April Greene

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Don’t be fooled. The fervent house key jangling, studied water bottle tapping, and resolute shoe-on-shoe beating that transpire at the beginning of Ridgewood-based dancemaker Laurel Snyder’s new evening-length performance LOOP are not random noise, embodiments of how you might feel on a Monday morning, or some b.s. art tedium of the type we all have to put up with on occasion.

Or, maybe they are? Life is full of mysteries.

But these minutiae also begin to assume purpose and meaning as the base from which the dancers will evolve—if the first 20 minutes of LOOP that I saw at its inaugural rehearsal at The Footlight are any indication.

Snyder, right, and Judkins in LOOP (photo by The Fleet NY)

After a few minutes of laying this sonic and behavioral groundwork, Snyder, in concert with collaborators Emma Judkins and Adam Schatz, shifts the mood precisely from hodge podge thrift store to a syncopated tandem walk that becomes a run, and then, just as pointedly, to a series of micro-vignettes in which the three performers frame, restrain, and support one another in intricate statuesque positions—while singing.

Those familiar with Snyder’s work will not be surprised by this cantering progression through themes and modes that appear to be (and are) disparate, yet that speak to one another clearly enough as they arrive and depart that the piece holds up as an unbroken, if twisty, line.

What such audience members might be surprised to find during this portion of LOOP—or any dance performance—is the dancers’ singing. Immediately upon hearing the lovely long notes issuing from their mouths, I thought:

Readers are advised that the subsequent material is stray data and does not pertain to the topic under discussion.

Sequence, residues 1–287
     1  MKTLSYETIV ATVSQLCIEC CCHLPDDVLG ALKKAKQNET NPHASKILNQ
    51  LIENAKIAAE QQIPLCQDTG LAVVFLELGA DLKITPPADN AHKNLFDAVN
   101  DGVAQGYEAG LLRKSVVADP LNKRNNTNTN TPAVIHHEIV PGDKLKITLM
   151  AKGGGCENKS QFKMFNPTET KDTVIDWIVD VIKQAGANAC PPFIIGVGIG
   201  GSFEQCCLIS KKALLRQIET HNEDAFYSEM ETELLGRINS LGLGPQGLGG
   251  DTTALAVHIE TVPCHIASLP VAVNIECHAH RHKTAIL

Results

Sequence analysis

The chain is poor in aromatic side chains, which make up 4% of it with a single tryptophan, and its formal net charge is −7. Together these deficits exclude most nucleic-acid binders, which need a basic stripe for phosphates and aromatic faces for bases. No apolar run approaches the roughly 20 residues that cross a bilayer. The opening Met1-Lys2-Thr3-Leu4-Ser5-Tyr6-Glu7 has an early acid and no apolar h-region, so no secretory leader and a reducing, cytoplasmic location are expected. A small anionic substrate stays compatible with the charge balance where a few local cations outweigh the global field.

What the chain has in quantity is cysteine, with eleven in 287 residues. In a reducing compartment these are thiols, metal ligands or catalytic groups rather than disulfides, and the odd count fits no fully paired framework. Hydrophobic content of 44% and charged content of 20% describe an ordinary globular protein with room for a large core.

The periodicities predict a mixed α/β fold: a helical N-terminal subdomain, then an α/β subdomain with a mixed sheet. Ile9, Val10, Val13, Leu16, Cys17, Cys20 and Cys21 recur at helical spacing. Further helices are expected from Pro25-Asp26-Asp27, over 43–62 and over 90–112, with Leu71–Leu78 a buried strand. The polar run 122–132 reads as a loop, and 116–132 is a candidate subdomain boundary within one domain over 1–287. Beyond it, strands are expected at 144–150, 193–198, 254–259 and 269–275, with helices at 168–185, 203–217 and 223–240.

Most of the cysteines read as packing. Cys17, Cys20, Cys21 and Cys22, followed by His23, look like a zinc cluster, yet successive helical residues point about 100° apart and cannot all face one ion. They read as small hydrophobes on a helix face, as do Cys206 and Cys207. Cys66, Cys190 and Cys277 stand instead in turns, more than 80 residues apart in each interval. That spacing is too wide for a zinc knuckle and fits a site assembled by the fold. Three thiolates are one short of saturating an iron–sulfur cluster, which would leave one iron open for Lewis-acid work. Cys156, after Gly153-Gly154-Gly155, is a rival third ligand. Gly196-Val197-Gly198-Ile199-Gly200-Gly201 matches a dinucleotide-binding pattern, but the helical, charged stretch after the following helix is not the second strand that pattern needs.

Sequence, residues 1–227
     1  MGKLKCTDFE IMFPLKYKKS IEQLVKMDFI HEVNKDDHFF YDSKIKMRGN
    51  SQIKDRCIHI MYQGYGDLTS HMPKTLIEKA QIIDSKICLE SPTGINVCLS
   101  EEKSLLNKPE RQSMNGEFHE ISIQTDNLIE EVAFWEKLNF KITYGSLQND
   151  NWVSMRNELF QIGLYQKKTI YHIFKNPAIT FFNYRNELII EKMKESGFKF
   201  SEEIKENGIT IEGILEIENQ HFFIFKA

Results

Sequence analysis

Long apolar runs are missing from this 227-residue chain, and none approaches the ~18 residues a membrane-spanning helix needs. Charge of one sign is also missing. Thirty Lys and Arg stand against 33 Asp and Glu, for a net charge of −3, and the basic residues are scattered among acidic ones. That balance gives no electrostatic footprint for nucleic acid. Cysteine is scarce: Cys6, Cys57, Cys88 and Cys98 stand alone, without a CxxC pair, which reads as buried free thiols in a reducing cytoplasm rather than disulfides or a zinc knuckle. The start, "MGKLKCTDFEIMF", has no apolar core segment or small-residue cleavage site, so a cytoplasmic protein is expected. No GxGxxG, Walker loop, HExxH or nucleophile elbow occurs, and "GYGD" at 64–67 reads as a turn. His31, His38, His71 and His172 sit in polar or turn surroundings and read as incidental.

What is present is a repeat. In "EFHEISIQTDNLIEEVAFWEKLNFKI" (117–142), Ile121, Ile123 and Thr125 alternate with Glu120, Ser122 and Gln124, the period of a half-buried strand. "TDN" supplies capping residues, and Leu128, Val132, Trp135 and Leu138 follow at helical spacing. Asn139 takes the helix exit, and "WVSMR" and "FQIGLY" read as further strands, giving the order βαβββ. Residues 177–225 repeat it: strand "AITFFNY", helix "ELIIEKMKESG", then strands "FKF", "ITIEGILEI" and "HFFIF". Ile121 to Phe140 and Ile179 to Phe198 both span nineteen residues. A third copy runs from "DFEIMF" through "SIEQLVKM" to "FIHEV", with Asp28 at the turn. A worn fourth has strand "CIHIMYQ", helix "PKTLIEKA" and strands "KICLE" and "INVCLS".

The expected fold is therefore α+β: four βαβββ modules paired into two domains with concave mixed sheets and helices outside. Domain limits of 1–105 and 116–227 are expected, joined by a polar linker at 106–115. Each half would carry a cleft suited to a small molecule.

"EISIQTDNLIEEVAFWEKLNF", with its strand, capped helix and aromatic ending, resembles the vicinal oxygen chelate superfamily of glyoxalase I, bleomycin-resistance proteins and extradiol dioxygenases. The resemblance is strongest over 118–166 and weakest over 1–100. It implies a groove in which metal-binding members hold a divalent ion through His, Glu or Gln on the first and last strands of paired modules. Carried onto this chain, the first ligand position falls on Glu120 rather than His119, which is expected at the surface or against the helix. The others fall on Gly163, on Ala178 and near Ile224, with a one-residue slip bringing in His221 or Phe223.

1) Wow, singing really complements dancing!

2) I wonder why more dancers don’t sing?

3) Oh right, because they’re busy dancing.

Judkins and Schatz rehearse LOOP at Dragon’s Egg Studio in Connecticut

But after experiencing the religious-level elevation that some carefully chosen poetic fragments and meditative melodies akin to Gregorian chanting brought to this work, I wished that more dancers would at least give it a try. I also suddenly saw the trajectory of the dance start to come into focus: we had moved from the laboriousness of the random, rote, and practical up through the channel of the energetic, coordinated, and controlled, and were now ready to ascend to a lighter place, an integrated place, a cooler and wiser and more accommodating place.

Then the dancers dispersed and the rehearsal ended, so the full content and import of LOOP are as yet unknown to me. But apparently that’s appropriate, as Snyder wrote of the work, “We embrace ‘not knowing’ as a way to ‘know’ something else. This is a risky proposition, but one that a work like LOOP is prepared to enact.”


LOOP will premiere at The Footlight (465 Seneca Ave at the corner of Harman St) on November 30 and run through December 2. All shows will start at 7:45 pm and be followed by a DJ set. Tickets are $12 in advance on Eventbrite; $15 at the door.

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